Dr. Kelly Brownell of Yale University did a study using the Yo-Yo diet on mice when he worked at The University of Pennsylvania. He found that when put through the diet, the mice gained weight up to three times faster than mice on regular diets. He concluded that the diet has nearly the same affect on human beings.
Wrestlers have been using different strategies to drop weight quickly in an attempt to fall into a lower weight class so they can wrestle smaller opponents. They quickly regain the weight after the weigh-ins by shoveling down food immediately after. This can allow wrestlers to fight in weight classes that they wouldn’t fit into had they weighed in on-site, meaning someone that weighed into the 119 lb. weight class may end up being as much as 124 lbs. and they could wrestle someone as small as 116 lbs., creating nearly a ten pound difference.
Not only that, but the athlete naturally has a bigger frame causing match-up problems. As a wrestler, Corey admits that this is a major competitive edge and that MHSAA’s policy should be changed to require on-site weigh-ins.
“There’s a huge flaw in the system,” says Corey. “My Dad and I found out after sophomore year that most other states have on-site weigh-ins at every meet.”
MHSAA rules do not require on site weigh-ins outside of big meets such as Counties and States. So for any regular duel meet, wrestlers weigh in a day or two before the meet and then they can regain the pounds.
MHSAA Assistant Director Mark Uyl has actually used the current policy to prevent health issues in wrestlers today.
“Michigan has adopted the Homeland Weigh-In policy,” said Uyl. “It is used as an alternative policy to On-Site weigh-ins to prevent wrestlers from spitting in cups and going down to the locker room and weighing in the day of meets. Only a few leagues in Michigan use it.”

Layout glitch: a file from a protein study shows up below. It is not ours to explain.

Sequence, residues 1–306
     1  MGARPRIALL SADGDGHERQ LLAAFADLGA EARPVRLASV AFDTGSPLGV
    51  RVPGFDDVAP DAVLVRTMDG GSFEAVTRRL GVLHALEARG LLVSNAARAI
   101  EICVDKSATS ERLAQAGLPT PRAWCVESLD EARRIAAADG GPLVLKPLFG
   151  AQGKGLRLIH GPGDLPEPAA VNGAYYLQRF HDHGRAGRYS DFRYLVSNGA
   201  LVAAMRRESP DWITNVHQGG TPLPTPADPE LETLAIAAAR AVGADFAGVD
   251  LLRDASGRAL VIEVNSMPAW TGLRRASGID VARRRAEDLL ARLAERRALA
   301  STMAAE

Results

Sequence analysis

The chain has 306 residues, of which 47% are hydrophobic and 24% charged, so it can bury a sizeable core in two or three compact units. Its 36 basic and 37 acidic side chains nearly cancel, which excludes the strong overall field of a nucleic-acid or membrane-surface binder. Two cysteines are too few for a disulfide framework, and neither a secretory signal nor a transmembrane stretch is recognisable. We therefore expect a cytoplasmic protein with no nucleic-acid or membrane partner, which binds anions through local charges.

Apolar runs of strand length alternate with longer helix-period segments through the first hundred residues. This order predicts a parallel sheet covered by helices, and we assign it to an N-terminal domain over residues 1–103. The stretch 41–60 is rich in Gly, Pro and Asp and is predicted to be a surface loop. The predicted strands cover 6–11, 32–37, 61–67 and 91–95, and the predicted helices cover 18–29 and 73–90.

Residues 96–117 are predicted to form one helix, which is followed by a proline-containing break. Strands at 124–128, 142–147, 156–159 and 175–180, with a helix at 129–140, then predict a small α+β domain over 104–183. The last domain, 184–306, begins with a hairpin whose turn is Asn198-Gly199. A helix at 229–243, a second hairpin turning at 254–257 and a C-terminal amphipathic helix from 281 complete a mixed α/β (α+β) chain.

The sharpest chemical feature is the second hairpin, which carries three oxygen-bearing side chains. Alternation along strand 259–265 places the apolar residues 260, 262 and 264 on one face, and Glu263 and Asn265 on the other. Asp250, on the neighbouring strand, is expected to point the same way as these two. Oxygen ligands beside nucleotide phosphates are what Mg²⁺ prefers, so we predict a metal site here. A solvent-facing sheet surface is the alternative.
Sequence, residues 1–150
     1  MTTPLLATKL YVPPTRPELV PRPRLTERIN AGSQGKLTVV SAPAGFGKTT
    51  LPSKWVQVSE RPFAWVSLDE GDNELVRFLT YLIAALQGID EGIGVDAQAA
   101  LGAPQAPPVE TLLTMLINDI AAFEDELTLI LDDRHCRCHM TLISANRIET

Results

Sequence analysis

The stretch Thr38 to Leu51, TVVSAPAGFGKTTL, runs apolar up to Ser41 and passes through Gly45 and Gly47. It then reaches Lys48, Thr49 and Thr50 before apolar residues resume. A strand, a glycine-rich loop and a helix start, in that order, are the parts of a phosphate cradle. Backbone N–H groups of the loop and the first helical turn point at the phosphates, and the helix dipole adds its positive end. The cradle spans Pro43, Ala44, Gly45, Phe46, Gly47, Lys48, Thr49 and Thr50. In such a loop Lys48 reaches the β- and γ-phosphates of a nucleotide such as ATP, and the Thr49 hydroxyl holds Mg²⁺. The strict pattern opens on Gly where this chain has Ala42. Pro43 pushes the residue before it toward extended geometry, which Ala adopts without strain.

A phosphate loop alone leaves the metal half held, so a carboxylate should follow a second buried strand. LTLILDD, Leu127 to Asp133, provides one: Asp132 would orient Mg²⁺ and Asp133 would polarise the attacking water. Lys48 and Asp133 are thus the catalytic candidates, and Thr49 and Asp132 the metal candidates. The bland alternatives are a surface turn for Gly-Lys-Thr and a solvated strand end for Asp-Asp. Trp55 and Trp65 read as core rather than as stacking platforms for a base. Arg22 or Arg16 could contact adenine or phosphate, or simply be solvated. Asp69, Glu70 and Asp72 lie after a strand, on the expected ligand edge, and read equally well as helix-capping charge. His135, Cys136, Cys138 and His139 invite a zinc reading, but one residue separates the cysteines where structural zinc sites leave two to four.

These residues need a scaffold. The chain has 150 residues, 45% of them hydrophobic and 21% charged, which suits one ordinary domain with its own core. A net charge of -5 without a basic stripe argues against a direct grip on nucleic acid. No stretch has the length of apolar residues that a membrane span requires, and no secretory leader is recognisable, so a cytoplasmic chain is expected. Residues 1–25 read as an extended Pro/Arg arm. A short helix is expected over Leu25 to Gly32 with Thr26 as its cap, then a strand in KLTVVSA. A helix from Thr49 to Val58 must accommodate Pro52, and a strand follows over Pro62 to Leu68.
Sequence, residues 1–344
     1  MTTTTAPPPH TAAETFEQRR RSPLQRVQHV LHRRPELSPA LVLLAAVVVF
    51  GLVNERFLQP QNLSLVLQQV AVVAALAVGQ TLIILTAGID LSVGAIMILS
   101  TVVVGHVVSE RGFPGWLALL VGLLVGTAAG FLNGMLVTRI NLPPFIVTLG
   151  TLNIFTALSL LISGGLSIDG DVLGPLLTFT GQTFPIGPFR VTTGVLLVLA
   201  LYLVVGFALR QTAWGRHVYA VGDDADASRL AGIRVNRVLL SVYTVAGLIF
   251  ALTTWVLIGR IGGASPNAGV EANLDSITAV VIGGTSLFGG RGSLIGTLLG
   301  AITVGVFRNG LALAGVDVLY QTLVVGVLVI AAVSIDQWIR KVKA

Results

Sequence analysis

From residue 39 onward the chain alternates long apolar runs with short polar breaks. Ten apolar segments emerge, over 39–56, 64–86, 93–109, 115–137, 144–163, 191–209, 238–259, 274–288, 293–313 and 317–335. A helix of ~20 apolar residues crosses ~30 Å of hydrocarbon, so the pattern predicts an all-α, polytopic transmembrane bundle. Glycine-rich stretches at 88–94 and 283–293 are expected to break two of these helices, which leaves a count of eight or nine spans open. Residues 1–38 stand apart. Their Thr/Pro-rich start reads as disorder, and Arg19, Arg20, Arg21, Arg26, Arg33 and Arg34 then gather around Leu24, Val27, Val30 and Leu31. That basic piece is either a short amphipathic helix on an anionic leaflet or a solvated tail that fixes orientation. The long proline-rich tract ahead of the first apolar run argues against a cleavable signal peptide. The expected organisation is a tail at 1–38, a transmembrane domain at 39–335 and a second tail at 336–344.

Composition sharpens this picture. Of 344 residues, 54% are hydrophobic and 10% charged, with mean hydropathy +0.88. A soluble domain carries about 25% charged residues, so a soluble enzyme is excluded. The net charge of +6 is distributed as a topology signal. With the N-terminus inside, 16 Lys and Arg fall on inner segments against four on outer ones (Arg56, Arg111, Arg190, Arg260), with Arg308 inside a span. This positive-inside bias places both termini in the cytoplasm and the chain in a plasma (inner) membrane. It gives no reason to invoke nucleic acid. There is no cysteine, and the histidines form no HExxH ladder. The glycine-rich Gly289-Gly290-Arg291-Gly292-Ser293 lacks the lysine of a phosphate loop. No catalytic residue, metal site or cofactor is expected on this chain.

The National Federation of Wrestling rule calls for onsite weigh-ins at all meets. MHSAA has the Homeland Weigh-In policy that has only been adopted by a few leagues in Michigan, including the OAA Red League. Homeland Weigh-In simply entails weighing yourself at your own school the day before a meet. It’s designed to keep wrestlers from not eating the day of meets.
On-Site weigh in policies require wrestlers to be weighed at the time and place of the meet. This policy gets the wrestler’s weight the day of the meet as opposed to Homeland which allows the wrestler a full day to gain weight.
“The issue of the Homeland Weigh-In policy is on the agenda at the upcoming wrestling conference next week,” said Uyl.
Uyl noted that the unhealthy strategy wrestlers have used while under the jurisdiction of the Homeland Weigh-In policy is one of the concerns on the matter.
While the current policy allows for bending of the rules, even some wrestlers other than Corey want to see it changed.
“MHSAA should require onsite weigh-ins.” said McPartlin. “It’s a big competitive edge; you get to wrestle someone that’s noticeably smaller than you.”
So has the formerly fool proof strategy that some MHSAA wrestler’s have been using caught up to them?